I welcome this legislation with which I have no disagreement. I have expressed my views solely for the purpose of improving the Bill. I thank the Minister for initiating this legislation.

I welcome this legislation and applaud the Minister for her initiative. It is enlightened legislation; indeed, many of our European partners do not have comparable legislation.

Discrimination against minorities is vile; unfortunately it is part of living today. In the context of the re-emergence of fascism in certain parts of central Europe and especially in Germany, the results from one of the Länders, the state of Hesse, in the past few days sent a shiver through those of us committed to democracy and parliamentary activity. A party led by a former SS officer will now take its place in a parliamentary forum in a member state of the European Community. This officer, like his contemporaries, was responsible for locking up and executing many people on the grounds of religion, a well as the old, the infirm and the handicapped. Those whom the Germans called theUntermenschen, the sub-humans; anyone who was not Germanic, who was the wrong colour or whose sexual orientation was considered abnormal, as well as people of certain national or ethnic origin, for example, gypsies, all suffered.

In the Irish context the people who are marginalised in our society are now acknowledged in this Bill. I applaud the Minister for putting this legislation in an historical context and in the context of what is happening in Europe today where we are sometimes disadvantaged because of our peripherality. In other areas of life, particularly in the quality of life, we are sometimes better off than our European partners. In enshrining these proposals in legislation we are making a statement as a people to our European neighbours and the world that we do not condone discriminatory measures against minorities. For that reason alone I applaud the Minister for introducing this legislation.

I am also pleased the Minister is introducing this legislation because it impinges to some degree on my professional activities as a broadcaster. This area will now be covered under short term contracts and this is another aspect of the legislation. Although I have been broadcasting for approximately 15 years with RTE I have been on a short term contract all that time. I am not and never have been a member of staff. The contract has ranged from four to eight weeks, where it currently stands. The fact that it is continuous means that when this legislation becomes law my position will be strengthened. This legislation will also benefit people employed in RTE and the local media, school leavers and others who may be able to renew short term contracts for a further period. They will come within the scope of this legislation.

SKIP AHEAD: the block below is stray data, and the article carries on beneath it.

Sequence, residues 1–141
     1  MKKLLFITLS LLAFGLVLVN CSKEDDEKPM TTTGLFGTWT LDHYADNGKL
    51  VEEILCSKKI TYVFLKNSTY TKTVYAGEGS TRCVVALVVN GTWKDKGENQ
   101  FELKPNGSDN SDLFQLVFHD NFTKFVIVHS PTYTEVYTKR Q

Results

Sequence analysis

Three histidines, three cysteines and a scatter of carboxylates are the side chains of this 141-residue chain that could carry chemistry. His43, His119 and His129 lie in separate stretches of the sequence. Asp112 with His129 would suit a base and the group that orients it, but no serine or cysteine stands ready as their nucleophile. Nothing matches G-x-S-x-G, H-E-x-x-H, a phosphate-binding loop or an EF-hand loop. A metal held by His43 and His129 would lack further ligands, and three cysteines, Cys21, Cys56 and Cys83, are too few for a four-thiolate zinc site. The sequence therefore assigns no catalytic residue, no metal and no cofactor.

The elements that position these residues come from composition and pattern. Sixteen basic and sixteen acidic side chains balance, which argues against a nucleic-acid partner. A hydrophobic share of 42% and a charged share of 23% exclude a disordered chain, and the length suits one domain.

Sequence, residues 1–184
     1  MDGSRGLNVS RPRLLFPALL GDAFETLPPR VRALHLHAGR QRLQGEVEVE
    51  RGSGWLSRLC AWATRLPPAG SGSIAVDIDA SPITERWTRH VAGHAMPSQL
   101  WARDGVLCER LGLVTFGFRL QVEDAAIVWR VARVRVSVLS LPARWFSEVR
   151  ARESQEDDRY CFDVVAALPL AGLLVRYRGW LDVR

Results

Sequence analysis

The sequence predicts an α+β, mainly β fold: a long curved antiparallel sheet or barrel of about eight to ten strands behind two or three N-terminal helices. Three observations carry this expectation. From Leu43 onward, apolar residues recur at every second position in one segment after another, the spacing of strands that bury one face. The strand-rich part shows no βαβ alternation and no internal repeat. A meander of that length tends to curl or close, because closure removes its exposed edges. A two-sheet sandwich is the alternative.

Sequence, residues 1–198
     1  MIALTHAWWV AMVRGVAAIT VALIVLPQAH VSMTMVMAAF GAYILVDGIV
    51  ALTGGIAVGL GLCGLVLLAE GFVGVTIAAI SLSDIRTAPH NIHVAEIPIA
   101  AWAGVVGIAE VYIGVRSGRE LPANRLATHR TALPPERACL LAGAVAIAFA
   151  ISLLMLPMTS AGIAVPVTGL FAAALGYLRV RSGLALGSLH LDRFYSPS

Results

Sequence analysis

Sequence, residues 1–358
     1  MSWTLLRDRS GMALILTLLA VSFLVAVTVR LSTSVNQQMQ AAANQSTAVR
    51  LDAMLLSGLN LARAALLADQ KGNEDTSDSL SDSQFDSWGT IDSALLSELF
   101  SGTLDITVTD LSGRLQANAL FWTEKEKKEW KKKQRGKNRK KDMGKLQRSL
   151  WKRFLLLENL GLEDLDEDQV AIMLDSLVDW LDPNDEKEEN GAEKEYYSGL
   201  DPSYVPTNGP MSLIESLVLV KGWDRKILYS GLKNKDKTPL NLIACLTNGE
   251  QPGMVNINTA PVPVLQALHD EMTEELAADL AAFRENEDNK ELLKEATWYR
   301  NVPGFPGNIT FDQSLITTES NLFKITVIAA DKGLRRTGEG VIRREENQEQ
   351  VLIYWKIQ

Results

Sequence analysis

Will you threaten me on them now?

If the question of termination of employment arises, and please God it will not, I will threaten the Minister on the powers that be, in case they might contemplate terminating my services.

I suppose we are all in temporary employment in these Houses.

Yes, especially in this House.

The definition of a part-time worker is something which also interests me.

My contract states — and I am raising this because it is relevant to the legislation — that I am employed for the duration of my broadcasting period on air. It also says that I should make myself available for rehearsals and preparation time prior to going on air. I am actually paid for being on air as well as the preparation time. How does one define that work? This applies also to many others in a similar position. The hours are eight hours. This is a definite improvement on the original 1977 Act, when it was 18 hours.

This improvement — I am sure the Minister will correct me if I am wrong — caused a furious reaction among some employers at the time of its introduction. This would seem to suggest it was a step in the right direction. In the context of the contract I have outlined to the Minister, I am curious to know if the eight hour rule will remain or if it will be further reduced. I only raise this question in the context of my own case. Many of my colleagues are employed specifically for their time on air. If I brought an unfair dismissal claim before the Employment Appeals Tribunal and argued that although I spend 30 to 45 minutes on air the actual time it takes in the overall context is over eight hours, would my employers reject this argument? I know the law attempts to legislate for the majority and there will always be exceptions.

I do not want to raise a political hare, but I notice that section 3 of the Bill makes provision to include temporary officers of health boards and deletes the obsolete reference to a committee of agriculture. Is this a political statement of intent?

I spoke about that already.

The abolition of the county committees of agriculture, as the Leas-Chathaoirleach and many of our colleagues in local authorities will know, has been a source of angst. If this wording is now enshrined in the legislation it indicates that perhaps the county committees of agriculture have been consigned to the dustbin of history. As the Minister said, she is aware of the implications.

Section 13 extends the scope of the unfair dismissals legislation to include persons employed through employment agencies. At another time I was employed by an employment agency in London for four or five years. I am an associate member of the Institute of Employment Agency Consultants and I am aware to some degree of the practice — especially in the nursing sector — where agencies employ people on what is called agency work. I am pleased the legislation will now define that the organisation where the person works is deemed to be the employer of the agency worker. I know this caused some difficulties.

Debate adjourned.